There’s actually a lot of farang in Mae Sod, a lot more than I thought for a small town. Many work here for NGO’s for Burmese refugees. A lot of them are missionaries, which are easy to spot cause the women wear long skirts. And there is a small population of tourists like me coming to take care of their visa, though they usually have someone to take them around, unlike me, so they don’t actually stay in the city. After finally getting food (and too much of it), I went to go take care of this visa thing. I had spent weeks getting the paperwork together with P’Sonya to make sure that everything was perfect and in order, especially since I was doing this on my own. It took me a while to figure out where to get the ride to the border, then once at the border, where the correct immigration office is, then at the immigration office why everything was closed to find out they were on their lunch break. So I wandered around to the river that borders Thailand and Myanmar, and marveled at the shallow depth that keeps the Burmese from crossing over, with a measly strip of easily hop-over-able barbed wire. And no guards. Well, I didn’t think about that for too long, because it was 1:00 already and I could go get my visa extension. Weeks of paper work and three days of (optional) travel to spend less than ten minutes in the immigration office and be awarded my visa extension. SO easy! P’Sonya prepared me well. So I spent the rest of the afternoon shopping at the border market, looking for a good gift for P’Sonya and the other teachers in the department.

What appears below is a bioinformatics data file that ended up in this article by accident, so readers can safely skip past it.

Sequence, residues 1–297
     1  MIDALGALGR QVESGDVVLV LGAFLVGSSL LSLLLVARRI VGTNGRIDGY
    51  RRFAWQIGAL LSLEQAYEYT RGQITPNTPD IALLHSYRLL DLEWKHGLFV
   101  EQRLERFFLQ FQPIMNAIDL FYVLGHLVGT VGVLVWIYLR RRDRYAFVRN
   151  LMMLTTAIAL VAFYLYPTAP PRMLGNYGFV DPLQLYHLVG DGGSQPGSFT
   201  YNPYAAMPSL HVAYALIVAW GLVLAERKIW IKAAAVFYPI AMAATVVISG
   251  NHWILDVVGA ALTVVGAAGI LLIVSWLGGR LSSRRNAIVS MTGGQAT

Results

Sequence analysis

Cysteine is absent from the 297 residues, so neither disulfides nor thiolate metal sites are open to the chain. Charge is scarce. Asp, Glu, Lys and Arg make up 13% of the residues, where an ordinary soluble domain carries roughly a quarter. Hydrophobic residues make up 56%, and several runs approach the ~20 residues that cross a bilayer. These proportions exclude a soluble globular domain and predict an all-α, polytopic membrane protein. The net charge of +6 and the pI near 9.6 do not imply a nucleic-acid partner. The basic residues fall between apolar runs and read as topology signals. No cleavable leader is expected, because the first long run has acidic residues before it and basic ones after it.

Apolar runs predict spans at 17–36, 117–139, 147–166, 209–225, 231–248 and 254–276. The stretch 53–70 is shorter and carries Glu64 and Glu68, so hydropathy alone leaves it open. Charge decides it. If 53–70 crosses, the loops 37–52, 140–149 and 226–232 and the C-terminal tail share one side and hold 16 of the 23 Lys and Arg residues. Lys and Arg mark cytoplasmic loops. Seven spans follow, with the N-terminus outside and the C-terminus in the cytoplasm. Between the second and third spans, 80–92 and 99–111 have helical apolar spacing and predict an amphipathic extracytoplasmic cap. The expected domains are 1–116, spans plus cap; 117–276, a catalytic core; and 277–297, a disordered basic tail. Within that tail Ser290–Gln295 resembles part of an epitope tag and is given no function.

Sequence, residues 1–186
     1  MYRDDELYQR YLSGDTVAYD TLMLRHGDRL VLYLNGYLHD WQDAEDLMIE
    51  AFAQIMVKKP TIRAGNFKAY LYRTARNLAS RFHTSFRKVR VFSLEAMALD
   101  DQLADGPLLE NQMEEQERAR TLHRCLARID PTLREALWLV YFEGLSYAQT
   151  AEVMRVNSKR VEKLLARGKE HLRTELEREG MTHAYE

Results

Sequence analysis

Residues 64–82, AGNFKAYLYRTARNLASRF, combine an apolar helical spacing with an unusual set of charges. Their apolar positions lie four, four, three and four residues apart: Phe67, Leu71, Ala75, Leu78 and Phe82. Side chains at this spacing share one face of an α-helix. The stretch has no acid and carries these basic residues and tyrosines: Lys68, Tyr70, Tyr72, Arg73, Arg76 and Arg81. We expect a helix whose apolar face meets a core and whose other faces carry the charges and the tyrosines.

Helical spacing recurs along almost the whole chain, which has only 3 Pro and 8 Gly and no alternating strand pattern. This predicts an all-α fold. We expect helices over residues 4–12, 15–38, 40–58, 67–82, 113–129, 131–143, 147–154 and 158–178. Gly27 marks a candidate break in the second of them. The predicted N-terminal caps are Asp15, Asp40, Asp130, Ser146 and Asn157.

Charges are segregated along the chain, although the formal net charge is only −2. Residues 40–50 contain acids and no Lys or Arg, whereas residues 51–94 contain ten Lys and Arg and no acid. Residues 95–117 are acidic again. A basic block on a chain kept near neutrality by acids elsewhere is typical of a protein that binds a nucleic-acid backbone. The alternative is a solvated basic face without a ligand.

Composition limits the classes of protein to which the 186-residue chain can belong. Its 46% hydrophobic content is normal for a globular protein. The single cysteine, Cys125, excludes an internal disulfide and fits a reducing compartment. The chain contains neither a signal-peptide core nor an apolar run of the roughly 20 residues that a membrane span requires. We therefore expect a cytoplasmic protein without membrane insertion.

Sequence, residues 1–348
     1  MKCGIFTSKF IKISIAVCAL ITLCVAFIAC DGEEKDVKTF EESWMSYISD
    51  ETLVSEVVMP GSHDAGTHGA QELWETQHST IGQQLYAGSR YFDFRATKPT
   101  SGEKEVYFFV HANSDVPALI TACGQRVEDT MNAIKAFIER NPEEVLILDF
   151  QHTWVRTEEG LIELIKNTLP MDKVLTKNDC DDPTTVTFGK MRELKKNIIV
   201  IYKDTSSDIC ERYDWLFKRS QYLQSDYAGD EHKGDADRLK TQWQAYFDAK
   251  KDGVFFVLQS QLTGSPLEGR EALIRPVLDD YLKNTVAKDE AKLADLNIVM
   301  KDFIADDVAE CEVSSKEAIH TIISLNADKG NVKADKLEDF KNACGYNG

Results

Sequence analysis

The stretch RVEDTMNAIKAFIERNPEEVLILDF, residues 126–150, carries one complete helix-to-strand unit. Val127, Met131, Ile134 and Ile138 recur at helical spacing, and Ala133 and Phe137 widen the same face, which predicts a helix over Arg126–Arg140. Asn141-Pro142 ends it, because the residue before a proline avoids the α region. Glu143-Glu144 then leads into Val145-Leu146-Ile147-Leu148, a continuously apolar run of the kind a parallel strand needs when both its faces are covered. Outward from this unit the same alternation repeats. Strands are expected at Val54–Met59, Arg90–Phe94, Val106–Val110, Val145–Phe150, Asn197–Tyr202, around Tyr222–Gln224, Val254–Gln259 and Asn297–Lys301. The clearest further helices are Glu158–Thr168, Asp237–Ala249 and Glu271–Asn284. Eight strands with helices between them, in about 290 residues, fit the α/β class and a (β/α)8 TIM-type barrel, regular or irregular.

I was exhausted when I came back into the town of Mae Sod from the border. After freshening up at my sad little hotel room, I took a stroll around the municipal market, which is HUGE and incredibly diverse. Mae Sod is known for its cultural diversity, having goods from Thailand, Burma, hill tribes, Muslim communities and India. As well as people from all those denominations. And their diversity of goods are scattered throughout this huge market. I unintentionally wandered around it for over an hour, trying some street Burmese food, before taking a rest at a Burmese restaurant that donates 20% of its profits to an NGO. I tried their specialties: Tea leaf salad and pumpkin curry, which were both out of this world amazing. Then I went back to the Canadian place to have a glass of wine (farang heaven) before going to back to the hotel to sleep on the last night of my adventure.
I woke up early in the morning to try the variety of breakfasts scattered throughout town. After passing some Buddhist monks receiving offerings along the street, I had curry and tea at an Islamic restaurant outside of the mosque, then walked through the market to a Burmese tea shop where I had sweet milk tea with roti and a little sampling of Burmese baked goods. Tummy full of international treats, I packed up my things and walked to the bus station. Van to Tak, bus to Sukhothai, bus to Sawankhalok, with each transfer less than 5 minutes, and I was home in less than 3 hours. Stupid Sukhothai bus terminal. Next time, I'm only speaking English.